Review: Wallace & Gromit: Fright of the Bumblebees

fright of bumblebeesMy GameHounds co-host Commander Tim has it to me so many times in the past: “Adventure games can never be good on a console.”

He’s not the only person to believe so.

And who’s to blame him? The adventure game flourished in the days when only the PC could provide the graphics, interface and processing capacity to do the job. The whole genre was developed with the mouse in mind.

Today, it’s not only possible, but some consumers are practically demanding that classic adventure games come to the Xbox 360, Playstation 3, and Wii. I would be one of them.

Enter Wallace & Gromit’s Grand Adventures, Episode 1: Fright of the Bumblebees from Xbox Live Arcade, a pure classic-style adventure game starring Aardman Animation’s famous cheese-eating tinkerer and his sidekick dog.

In this first of four currently scheduled episodes for the Xbox Live Arcade, Wallace begins a honey business, only to find more orders than he can fill. In an attempt to supercharge his hive, he unintentionally creates giant bees that swarm the town. Of course, Gromit (the real brains of the duo) must save the day.

There’s a lot of good to say about Fright of the Bumblebees. It offers slick graphics and a great organic feel — thank goodness, since anyone even remotely familiar with Wallace & Gromit’s films will easily eye differences between the films and this game. The character modeling looks so dead on to Aardman’s claymation technique you can practically see irregularities in the clay.

And the animation is spot on. As you play alternately both Gromit and Wallace, camera changes as they move from room to room or indoors to outdoors flow easily with no hitching or glitching.

The movement has an almost liquid-feel in its ease and look, and surprisingly enough, I’ve yet to get stuck in a nook or on the edge of a door! No small feat for any open world game, much less one on the Xbox Live Arcade.

Equally flawless are the flow of cut scenes as you successfully progress through the game and the story. Not only do they look great, the voice talent is good enough and the script is well written and deep enough that I found myself tapping unnecessarily on certain characters just to hear what they had to say.

And the clever, well-told story lives up to the high standards of Aardman, which might have been the kiss of death given that the Oscar-winner animation studio made its fame with charmingly quirky shorts like Creature Comforts and feature films like Chicken Run. Flight of the Bumblebees does its pedigree justice.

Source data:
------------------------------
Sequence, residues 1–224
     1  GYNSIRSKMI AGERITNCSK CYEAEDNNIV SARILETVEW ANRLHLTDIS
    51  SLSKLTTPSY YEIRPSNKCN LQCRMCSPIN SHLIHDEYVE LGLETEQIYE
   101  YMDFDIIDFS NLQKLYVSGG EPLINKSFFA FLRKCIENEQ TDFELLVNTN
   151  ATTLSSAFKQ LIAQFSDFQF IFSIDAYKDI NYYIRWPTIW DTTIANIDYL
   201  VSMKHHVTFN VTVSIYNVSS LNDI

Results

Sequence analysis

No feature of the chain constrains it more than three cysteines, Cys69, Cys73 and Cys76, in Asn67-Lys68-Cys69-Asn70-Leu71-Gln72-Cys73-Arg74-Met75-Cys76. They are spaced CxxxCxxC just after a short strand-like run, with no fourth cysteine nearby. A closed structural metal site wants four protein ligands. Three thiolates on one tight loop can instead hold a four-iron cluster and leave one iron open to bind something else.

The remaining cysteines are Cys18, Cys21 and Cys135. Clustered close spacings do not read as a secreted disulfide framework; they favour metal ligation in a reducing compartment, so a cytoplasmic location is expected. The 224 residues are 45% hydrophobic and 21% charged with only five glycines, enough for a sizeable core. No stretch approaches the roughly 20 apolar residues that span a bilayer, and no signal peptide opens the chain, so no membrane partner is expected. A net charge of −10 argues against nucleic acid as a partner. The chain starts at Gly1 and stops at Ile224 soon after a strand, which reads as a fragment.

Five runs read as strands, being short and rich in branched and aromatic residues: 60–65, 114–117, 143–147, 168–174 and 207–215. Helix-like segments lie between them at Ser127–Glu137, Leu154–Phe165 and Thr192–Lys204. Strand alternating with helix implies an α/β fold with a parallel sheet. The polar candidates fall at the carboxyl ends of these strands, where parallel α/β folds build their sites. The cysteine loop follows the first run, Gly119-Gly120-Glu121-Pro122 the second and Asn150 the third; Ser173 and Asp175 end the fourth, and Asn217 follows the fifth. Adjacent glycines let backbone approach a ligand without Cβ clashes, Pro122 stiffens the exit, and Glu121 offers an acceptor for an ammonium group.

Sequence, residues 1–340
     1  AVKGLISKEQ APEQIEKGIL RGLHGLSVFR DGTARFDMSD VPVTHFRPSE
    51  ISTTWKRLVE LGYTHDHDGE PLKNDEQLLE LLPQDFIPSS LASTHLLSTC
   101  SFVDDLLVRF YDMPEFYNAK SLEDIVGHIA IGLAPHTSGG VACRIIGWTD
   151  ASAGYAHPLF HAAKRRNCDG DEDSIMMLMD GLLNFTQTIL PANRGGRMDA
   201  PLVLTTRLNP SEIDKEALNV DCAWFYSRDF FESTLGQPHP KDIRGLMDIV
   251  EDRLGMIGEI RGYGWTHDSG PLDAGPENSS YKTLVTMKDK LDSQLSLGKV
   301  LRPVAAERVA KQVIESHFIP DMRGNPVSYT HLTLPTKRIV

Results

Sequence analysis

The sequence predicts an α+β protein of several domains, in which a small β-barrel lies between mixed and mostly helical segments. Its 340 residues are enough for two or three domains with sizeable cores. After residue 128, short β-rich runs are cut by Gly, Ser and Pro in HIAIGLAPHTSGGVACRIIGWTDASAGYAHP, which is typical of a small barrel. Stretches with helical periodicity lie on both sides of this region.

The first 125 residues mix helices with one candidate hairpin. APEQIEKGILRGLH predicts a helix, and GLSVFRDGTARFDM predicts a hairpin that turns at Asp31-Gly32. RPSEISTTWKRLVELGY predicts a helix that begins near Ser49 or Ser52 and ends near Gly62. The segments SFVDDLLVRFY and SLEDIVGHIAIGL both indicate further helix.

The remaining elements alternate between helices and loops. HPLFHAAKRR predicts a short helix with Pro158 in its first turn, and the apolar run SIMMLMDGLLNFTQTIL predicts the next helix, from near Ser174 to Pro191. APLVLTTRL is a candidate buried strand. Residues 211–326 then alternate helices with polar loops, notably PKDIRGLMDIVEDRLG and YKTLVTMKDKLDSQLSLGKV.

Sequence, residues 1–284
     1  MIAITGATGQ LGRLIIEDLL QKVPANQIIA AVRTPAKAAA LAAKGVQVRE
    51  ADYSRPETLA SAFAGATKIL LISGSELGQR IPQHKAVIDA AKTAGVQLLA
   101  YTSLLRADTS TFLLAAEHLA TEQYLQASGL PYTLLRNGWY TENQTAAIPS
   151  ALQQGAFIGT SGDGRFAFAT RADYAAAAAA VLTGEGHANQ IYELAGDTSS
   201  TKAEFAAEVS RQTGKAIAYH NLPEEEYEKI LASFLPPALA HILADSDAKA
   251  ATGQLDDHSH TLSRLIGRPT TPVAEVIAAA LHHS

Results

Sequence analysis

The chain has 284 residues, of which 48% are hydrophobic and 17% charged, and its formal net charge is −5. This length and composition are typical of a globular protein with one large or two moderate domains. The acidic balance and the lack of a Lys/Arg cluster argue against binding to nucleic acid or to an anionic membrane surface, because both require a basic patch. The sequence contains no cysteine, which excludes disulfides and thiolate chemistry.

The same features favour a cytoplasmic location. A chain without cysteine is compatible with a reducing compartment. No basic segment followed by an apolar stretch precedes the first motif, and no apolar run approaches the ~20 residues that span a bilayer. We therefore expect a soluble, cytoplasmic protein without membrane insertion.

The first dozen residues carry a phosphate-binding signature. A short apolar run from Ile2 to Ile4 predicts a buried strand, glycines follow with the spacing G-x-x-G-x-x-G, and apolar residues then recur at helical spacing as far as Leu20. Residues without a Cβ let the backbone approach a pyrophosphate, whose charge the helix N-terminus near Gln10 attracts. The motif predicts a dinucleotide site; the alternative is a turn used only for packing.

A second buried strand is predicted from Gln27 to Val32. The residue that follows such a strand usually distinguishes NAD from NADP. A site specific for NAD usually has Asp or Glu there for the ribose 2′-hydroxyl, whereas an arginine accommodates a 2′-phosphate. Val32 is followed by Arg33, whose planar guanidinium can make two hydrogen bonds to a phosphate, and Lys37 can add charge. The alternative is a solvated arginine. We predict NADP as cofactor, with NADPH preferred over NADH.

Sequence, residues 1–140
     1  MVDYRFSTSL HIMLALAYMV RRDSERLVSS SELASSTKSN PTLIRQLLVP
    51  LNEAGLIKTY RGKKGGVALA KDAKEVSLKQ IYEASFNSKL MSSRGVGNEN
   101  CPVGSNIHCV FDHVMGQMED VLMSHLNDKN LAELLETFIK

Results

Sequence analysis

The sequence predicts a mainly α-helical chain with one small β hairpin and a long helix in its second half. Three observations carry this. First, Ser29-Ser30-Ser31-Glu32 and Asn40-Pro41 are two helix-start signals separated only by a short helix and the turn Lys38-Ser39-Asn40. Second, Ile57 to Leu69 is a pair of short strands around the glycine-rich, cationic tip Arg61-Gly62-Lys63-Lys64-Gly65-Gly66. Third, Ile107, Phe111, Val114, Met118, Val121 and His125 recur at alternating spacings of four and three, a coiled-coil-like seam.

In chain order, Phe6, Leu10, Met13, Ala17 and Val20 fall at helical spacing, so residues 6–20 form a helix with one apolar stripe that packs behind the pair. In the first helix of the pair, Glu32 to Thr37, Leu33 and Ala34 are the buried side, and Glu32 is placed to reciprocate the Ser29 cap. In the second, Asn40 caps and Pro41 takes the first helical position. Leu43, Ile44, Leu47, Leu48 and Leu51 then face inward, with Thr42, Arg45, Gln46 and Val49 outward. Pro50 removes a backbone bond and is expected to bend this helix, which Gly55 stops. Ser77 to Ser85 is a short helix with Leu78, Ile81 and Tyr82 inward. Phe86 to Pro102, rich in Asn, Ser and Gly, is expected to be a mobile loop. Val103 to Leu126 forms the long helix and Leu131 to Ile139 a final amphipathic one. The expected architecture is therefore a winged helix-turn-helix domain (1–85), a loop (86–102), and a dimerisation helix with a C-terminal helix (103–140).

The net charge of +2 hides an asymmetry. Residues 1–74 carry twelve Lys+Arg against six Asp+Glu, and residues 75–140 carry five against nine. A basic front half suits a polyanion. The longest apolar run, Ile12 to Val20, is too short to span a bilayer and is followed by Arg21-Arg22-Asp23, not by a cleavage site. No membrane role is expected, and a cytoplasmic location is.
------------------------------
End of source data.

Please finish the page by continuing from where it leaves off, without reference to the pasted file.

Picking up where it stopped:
Is it perfect? As a huge fan of Wallace and Gromit (see: My refrigerator covered in W&G magnets) I would love to say so. But, no. In the end, I have to somewhat agree with Commander Tim: Adventure games can be good on a console, but not great.
In the opening moments, you’re taken though a tutorial where you learn to control the characters and manipulate items in a room. Character movement is controlled with the right joystick, and item selection by the left joystick. Alternately, you can scroll through all items in the room by using the bumpers.

Almost immediately you’re struck by now difficult and time consuming it is to select items. The game identifies which item is currently selected with small white brackets around the target, which are sometimes nearly impossible to see. It’s clear this game was tested on a screen a few short feet from the viewer’s nose, not in real-life conditions where the television is across the living room.

Making matters worse, the joystick targeting control is infuriatingly sloppy. I found myself more times than not just using the bumper, which means every attempt to solve a particular puzzle takes that much longer as I scrolled through every item in the room to get to the one I needed.

The overall quality of the game drives you on, but for anyone but the most patient of gamer, this simple obstacle will drive you buggy.
And then there’s the sound. Oh, the sound!

About half way through the episode, you’ll notice loud crackles and ticks in the voice track. And in other spots, Wallace’s voice will fade in and out — artifacts of the dialogue editing process that should have been fixed in the mix but, oddly, weren’t.

Overall, Fright of the Bumblebees is a solid XBLA game, and neither Telltale Games nor Aardman should be embarrassed by it. However, the loosy-goosy targeting controls somewhat sabotage what would have been an superb game. At 800 MS Points, or $10, it’s a solid addition to Microsoft’s Summer of Arcade series if you have the patience to work with the game.

  • paul

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